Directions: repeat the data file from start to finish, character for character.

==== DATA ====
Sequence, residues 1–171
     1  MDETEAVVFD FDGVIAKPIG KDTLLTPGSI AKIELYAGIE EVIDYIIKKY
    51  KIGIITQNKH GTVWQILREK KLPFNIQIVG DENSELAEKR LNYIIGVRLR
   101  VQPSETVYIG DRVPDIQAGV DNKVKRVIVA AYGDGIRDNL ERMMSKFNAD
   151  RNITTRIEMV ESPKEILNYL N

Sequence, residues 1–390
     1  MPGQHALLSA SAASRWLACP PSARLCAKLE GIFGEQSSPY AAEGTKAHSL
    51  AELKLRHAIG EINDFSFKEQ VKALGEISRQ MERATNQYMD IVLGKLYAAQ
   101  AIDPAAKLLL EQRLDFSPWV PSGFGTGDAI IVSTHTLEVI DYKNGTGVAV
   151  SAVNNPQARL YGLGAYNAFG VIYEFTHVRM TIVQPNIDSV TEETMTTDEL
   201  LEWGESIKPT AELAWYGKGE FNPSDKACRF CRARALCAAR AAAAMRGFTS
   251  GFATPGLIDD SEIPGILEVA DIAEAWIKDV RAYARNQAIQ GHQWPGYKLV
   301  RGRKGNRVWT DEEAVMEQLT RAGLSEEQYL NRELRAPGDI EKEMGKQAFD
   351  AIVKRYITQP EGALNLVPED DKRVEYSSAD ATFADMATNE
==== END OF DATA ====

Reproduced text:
Sequence, residues 1–171
     1  MDETEAVVFD FDGVIAKPIG KDTLLTPGSI AKIELYAGIE EVIDYIIKKY
    51  KIGIITQNKH GTVWQILREK KLPFNIQIVG DENSELAEKR LNYIIGVRLR
   101  VQPSETVYIG DRVPDIQAGV DNKVKRVIVA AYGDGIRDNL ERMMSKFNAD
   151  RNITTRIEMV ESPKEILNYL N

Sequence, residues 1–390
     1  MPGQHALLSA SAASRWLACP PSARLCAKLE GIFGEQSSPY AAEGTKAHSL
    51  AELKLRHAIG EINDFSFKEQ VKALGEISRQ MERATNQYMD IVLGKLYAAQ
   101  AIDPAAKLLL EQRLDFSPWV PSGFGTGDAI IVSTHTLEVI DYKNGTGVAV
   151  SAVNNPQARL YGLGAYNAFG VIYEFTHVRM TIVQPNIDSV TEETMTTDEL
   201  LEWGESIKPT AELAWYGKGE FNPSDKACRF CRARALCAAR AAAAMRGFTS
   251  GFATPGLIDD SEIPGILEVA DIAEAWIKDV RAYARNQAIQ GHQWPGYKLV
   301  RGRKGNRVWT DEEAVMEQLT RAGLSEEQYL NRELRAPGDI EKEMGKQAFD
   351  AIVKRYITQP EGALNLVPED DKRVEYSSAD ATFADMATNE